So, as many of you can tell, I usually do not review super-hero books. Personally, I enjoy hero books, but I feel that, for the classroom, there is much more substance in non-hero books. However, as I did some research for Banned Books Week, I noticed that this Amazing Spider-Man Vol. 2: Revelations book appeared on a few lists, mainly for being challenged by a grade-school parent in 2009. Apparently, the book contained “sexual overtones.” I was intrigued and shocked that a collection of four issues of The Amazing Spider-Man would be challenged, so I sought it out, and after a 29-minute trip to the nearest library that had this out-of-print book on-shelf, I had it in my hands, and as a big Spider-Man fan, I was excited to spend the evening with the wall-crawler and see what all the fuss was about.
The issues collected originally appeared in 2001-02, and the time period is apparent from the first two-page spread containing Spider-Man watching the Twin-Towers fall to the ground. No sexual overtones noticeable.
The first issue in the collection takes the reader on a journey showing Marvel heroes and villains helping sift through the wreckage of 9-11 as beautifully scripted narration allows the reader to remember and re-experience the tragic events of that day, ending with Spider-Man holding a young boy as his deceased father is carried from the ruins. No sexual overtones noticeable.
The next issue in the collection focuses on Peter Parker, the high school teacher, and his quest to help an orphaned struggling student dealing with homelessness and her brother’s dangerous decisions. The reality of teenage poverty is heart-breaking. No sexual overtones noticeable.
The story then shifts to an issue titled “The Conversation” in which Peter Parker finally has the very difficult discussion, with his Aunt May, about his decision and motivations behind becoming Spider-Man. The heart-felt conversation leads both characters to revelations and enforces the bonds that only truth and honesty can create. Definitely no sexual overtones noticeable.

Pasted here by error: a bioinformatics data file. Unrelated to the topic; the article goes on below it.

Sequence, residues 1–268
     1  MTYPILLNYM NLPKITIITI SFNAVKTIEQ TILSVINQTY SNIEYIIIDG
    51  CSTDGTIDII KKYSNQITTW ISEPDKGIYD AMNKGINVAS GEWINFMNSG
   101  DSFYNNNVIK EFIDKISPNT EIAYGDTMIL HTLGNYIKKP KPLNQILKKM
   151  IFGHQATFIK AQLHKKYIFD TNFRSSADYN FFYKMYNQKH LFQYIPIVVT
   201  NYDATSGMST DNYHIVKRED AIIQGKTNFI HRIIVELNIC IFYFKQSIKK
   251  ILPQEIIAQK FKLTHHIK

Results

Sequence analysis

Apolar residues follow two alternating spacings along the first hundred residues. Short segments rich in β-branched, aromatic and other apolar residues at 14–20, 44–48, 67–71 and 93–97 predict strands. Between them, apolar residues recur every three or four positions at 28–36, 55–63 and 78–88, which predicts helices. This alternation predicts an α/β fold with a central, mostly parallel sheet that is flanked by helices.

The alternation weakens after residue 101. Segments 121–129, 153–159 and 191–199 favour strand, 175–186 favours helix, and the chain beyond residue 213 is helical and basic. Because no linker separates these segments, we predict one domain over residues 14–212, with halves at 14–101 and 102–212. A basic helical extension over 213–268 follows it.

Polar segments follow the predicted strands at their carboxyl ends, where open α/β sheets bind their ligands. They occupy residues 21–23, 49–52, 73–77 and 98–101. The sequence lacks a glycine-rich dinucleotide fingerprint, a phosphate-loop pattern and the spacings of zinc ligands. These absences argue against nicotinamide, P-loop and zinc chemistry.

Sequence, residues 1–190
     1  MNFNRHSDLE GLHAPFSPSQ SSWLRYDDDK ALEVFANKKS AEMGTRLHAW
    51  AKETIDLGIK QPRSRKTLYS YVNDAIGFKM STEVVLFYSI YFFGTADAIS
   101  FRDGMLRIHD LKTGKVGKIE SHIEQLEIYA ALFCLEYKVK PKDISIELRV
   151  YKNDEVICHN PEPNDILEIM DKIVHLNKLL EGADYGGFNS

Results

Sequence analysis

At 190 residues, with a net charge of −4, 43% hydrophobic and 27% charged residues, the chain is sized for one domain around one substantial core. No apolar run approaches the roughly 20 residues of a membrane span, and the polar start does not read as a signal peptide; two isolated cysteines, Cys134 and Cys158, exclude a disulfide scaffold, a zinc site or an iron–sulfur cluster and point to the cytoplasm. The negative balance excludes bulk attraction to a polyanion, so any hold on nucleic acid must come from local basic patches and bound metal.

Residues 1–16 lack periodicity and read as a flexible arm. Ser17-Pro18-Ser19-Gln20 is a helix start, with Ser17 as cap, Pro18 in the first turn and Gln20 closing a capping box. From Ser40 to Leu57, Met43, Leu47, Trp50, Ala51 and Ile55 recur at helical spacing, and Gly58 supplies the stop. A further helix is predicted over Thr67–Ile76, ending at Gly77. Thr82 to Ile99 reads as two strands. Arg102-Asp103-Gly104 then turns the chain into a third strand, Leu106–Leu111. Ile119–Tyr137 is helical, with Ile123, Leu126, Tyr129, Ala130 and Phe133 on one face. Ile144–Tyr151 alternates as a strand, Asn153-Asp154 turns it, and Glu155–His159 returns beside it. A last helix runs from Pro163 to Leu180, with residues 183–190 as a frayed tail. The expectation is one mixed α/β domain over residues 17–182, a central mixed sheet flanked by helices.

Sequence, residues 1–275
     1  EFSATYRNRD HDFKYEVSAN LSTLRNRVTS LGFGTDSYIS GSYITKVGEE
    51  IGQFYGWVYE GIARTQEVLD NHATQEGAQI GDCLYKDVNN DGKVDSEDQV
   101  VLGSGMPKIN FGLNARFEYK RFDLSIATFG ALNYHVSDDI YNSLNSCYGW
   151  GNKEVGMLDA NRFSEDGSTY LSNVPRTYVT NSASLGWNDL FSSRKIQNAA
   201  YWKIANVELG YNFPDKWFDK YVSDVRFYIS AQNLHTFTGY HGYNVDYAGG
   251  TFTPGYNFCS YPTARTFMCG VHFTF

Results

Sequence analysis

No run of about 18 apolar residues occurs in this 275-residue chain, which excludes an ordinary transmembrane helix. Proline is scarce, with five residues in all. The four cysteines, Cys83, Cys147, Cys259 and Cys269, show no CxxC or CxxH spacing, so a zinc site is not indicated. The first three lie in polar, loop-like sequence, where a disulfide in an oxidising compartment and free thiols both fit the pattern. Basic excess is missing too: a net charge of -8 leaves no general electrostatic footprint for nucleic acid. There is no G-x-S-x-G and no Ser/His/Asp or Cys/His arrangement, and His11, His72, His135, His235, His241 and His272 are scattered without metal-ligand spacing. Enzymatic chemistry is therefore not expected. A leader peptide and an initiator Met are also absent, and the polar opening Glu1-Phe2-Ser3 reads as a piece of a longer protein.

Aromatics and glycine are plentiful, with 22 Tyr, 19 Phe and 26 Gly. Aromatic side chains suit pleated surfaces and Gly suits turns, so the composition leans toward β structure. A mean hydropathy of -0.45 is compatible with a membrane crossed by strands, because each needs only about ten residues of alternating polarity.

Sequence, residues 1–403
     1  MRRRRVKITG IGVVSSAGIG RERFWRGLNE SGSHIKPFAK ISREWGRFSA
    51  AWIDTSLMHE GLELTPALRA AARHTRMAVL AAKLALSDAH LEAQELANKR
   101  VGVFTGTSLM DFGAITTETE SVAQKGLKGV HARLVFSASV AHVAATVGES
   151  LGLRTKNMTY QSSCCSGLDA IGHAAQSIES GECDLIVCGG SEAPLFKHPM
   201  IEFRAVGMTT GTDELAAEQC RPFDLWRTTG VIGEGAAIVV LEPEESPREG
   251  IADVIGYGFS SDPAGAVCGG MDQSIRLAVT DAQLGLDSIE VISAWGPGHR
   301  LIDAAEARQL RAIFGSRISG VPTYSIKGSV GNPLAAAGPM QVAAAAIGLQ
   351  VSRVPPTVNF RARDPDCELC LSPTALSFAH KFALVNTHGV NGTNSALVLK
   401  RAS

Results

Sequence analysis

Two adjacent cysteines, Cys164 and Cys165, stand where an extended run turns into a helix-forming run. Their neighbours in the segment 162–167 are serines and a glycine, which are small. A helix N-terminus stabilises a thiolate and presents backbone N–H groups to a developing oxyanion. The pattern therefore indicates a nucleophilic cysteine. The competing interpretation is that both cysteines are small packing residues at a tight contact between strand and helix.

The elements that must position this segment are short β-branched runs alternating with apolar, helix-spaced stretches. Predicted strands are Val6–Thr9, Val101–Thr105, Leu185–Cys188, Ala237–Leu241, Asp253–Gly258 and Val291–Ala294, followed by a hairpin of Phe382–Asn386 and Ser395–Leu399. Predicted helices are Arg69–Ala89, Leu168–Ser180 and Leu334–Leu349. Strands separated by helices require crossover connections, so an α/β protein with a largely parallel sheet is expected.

The final chapter of this relatively short collection is a series of images that represent Spider-Man’s life and is artfully done with no word or though bubbles for the duration of the entire issue. We see Spider-Man saving lives and fighting crimes; we see Spider-Man obsessing over Mary Jane as well as Mary Jane obsessing over him; and we see Aunt May attempting to mend New York’s relationship with the web-slinger in her own unique ways. I guess slightly sexual overtones as Mary Jane is drawn scantily-clad in a few panels.
In the end, this book is fantastically thought-provoking, and the mature themes of love, loss, helplessness, honestly, and bravery create a much more passionate response from me than the scantily-clad Mary Jane. Apparently, the parent that had an issue with the book had a six-year-old child at the school bring the book home. I cannot say that the parent did not have a reason to be upset. If you do not want your child to see those images, you have that right. I would not obtain this book for younger kids either, mainly because the adult nature of the themes would be miles above them.
This book could open up magnificent discussions in the high school classroom, but it’s not the Spider-Man book to check out to six-year-olds; there are kid Spider-Man books that would be much more appropriate. But, this controversy did land this title on a bunch of banned/questioned comic/graphic novel lists, and without those lists, and Banned Books Week, I might have never come across Revelations. I guess it supports the idea that all press is good press. This book might be hard to find, but if you are a Spider-Man fan and have not read it, please check it out; it’s one of the best hero books that I have read in a while. A class set might be hard to acquire, but if you do end up having classroom discussions on this book, please let me know, invite me in, Skype me in, or just email me and tell me how it goes.
Enjoy this one, and I hope it catches you off-guard as it did me.
Happy reading, everyone!